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NORTHEAESTERN REGIONAL AQUACULTURE CENTER
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ABOUT AQUACULTURE

What is aquaculture?

Aquaculture encompasses the breeding, nurturing, and harvesting of fish, shellfish, algae, and various other organisms across diverse water environments. 

Asthe demand for seafood rises, advancements in technology have facilitated the cultivation of food in coastal marine waters and the open ocean through aquaculture. This method not only produces food and commercial products but also contributes to habitat restoration, replenishment of wild stocks, and the recovery of threatened and endangered species.

 

Aquaculture encompasses two main types: marine and freshwater. NRAC, focusing primarily on marine aquaculture though does work in freshwater areas as well. These industries farm species native to oceans and estuaries. In the United States, marine aquaculture yields various species such as oysters, clams, mussels, shrimp, seaweeds, and finfish like salmon, black sea bass, sablefish, yellowtail, and pompano. Cultivation methods range from seeding shellfish on the seafloor to raising them in bottom or floating cages. Marine finfish farming typically occurs in net pens in water or land-based tanks. In contrast, freshwater aquaculture in the U.S. produces species like catfish and trout, mainly in ponds or other artificial systems.

In the northeastern region of the United States, aquaculture involves deliberate cultivation of aquatic animals and algae in various water bodies, including freshwater, brackish water, and seawater. Beyond large-scale commercial ventures, it plays a crucial role in enhancing wild stocks, conserving endangered species, and supporting subsistence needs. The management and control of growth environments in this region are tailored to meet the specific requirements of different species, showcasing a remarkable diversity compared to traditional terrestrial farming.

What benefits does aquaculture bring to the northeastern United States?

 

More than 50% of the world's seafood destined for human consumption originates from aquaculture. The burgeoning demand for seafood has driven the development of technologies enabling the cultivation of organisms in various water bodies, ranging from ponds, rivers, and estuaries to nearshore and offshore environments.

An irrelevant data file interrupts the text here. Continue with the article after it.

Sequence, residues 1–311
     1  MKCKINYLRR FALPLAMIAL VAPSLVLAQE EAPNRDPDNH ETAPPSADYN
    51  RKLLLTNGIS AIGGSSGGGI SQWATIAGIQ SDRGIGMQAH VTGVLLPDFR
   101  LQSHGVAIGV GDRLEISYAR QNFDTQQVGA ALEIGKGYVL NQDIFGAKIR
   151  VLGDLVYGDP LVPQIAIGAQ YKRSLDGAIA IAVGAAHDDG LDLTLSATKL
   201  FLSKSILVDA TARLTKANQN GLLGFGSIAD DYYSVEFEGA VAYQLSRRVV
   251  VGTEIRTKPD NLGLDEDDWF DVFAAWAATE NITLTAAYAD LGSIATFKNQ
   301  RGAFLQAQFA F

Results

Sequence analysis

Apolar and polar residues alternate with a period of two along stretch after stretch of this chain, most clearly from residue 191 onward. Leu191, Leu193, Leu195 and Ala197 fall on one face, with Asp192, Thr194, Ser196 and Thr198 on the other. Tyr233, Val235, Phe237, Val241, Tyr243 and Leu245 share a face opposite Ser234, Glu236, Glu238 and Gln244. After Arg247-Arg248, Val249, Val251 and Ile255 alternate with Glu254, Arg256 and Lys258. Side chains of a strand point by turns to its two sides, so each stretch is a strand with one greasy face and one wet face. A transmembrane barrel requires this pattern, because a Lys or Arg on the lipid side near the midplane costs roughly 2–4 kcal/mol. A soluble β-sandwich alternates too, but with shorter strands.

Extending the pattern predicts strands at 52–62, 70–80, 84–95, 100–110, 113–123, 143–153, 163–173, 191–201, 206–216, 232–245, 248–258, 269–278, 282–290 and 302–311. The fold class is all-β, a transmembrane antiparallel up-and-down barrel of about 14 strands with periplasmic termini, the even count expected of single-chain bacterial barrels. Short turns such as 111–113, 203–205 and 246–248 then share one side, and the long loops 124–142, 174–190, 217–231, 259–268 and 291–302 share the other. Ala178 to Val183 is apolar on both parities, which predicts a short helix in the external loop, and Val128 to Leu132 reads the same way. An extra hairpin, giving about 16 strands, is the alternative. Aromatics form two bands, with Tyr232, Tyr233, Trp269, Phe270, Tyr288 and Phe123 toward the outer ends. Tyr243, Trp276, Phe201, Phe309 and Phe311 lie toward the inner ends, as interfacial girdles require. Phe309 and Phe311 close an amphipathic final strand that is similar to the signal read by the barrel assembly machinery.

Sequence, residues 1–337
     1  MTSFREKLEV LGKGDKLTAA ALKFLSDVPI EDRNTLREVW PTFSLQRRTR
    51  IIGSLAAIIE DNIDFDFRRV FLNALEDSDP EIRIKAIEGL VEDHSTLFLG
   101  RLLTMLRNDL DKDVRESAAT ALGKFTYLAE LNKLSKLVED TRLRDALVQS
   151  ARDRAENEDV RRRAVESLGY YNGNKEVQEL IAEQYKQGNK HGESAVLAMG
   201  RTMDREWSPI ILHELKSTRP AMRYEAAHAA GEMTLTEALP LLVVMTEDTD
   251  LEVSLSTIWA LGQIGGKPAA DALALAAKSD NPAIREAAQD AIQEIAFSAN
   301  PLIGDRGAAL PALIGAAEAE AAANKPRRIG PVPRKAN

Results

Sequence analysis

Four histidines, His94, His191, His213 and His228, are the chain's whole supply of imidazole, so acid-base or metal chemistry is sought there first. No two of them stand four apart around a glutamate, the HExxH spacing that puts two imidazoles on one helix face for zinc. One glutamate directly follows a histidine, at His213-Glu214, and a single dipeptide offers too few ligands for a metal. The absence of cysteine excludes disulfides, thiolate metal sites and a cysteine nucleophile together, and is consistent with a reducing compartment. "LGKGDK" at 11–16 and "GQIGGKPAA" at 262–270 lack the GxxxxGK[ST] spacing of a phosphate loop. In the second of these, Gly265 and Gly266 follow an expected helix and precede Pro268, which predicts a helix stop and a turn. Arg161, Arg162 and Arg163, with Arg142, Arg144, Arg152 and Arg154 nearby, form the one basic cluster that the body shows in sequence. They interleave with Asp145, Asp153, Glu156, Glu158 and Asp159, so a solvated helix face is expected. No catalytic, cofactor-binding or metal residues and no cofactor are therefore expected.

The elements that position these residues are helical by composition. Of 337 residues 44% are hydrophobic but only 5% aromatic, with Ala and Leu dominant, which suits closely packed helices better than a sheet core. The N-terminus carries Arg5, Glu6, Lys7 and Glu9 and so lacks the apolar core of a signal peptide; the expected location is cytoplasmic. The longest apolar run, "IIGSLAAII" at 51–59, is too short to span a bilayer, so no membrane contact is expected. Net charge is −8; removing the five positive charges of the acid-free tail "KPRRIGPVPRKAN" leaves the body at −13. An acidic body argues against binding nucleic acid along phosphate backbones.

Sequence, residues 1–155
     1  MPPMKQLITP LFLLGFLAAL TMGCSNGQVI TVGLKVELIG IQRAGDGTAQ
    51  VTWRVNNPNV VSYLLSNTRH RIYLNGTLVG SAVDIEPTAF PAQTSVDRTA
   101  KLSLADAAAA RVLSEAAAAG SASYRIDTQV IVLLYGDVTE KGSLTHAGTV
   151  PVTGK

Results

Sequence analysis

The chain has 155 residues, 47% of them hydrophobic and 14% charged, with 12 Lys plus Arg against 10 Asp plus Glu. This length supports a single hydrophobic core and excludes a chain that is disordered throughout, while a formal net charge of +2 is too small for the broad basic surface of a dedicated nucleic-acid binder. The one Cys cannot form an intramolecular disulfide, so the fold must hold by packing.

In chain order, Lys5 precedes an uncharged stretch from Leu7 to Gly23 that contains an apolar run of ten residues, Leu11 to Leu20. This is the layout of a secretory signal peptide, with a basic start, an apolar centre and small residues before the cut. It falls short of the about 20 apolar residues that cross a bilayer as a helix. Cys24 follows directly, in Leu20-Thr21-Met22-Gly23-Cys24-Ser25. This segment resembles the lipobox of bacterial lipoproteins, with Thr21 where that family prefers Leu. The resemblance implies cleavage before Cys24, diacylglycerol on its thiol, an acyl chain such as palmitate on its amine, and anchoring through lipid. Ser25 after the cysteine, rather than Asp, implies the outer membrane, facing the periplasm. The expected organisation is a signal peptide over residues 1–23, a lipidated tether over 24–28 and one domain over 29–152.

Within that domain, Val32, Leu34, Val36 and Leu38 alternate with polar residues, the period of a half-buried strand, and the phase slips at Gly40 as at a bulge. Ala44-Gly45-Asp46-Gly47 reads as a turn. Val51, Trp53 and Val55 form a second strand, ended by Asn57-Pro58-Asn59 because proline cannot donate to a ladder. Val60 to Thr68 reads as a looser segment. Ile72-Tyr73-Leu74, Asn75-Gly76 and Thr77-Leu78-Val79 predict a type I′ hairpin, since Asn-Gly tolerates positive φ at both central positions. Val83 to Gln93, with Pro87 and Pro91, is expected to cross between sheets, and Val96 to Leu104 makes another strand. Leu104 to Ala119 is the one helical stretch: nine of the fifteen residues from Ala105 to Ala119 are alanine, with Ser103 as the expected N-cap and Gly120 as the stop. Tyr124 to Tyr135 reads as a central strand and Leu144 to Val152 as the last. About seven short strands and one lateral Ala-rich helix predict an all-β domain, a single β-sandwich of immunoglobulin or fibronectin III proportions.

A United Nations study underscores the increasing significance of aquaculture in enhancing food security, nutrition, and economic growth, particularly in coastal and rural areas of the northeastern region. Some of the identified benefits of aquaculture here include:

  • Addressing the challenge of providing healthy, affordable seafood for a growing population.

  • Generating employment opportunities in economically disadvantaged communities.

  • Preserving the cultural and environmental traditions of indigenous communities with longstanding practices of subsistence aquaculture.

  • Facilitating the establishment of crucial local, regional, national, and international partnerships and collaborative stewardship efforts aimed at protecting oceans and seas, including the sharing of scientific research data, technologies, and resources.

  • Alleviating pressure on overexploited wild stocks by reducing demand.

  • Exploring the potential for biofuel production through algae farming.

  • Rehabilitating human-impacted aquatic systems by enhancing the populations of beneficial species, such as filter-feeding mollusks.

NRAC is committed to promoting an economically, environmentally, and socially sustainable aquaculture industry. Their experts and partners conduct research to understand the environmental impacts of aquaculture and develop best management practices to mitigate negative effects.

HOW TO FARM A BETTER FISH

Read the recent article published in the National Geographic about aquaculture, and its impact on the future health of the world's population and our environment. 

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The Northeast region stands as the undisputed global leader in aquaculture innovation, driving industry growth to bolster economic vitality, all while steadfastly preserving aquatic ecosystems and championing conservation efforts for generations to come.




 

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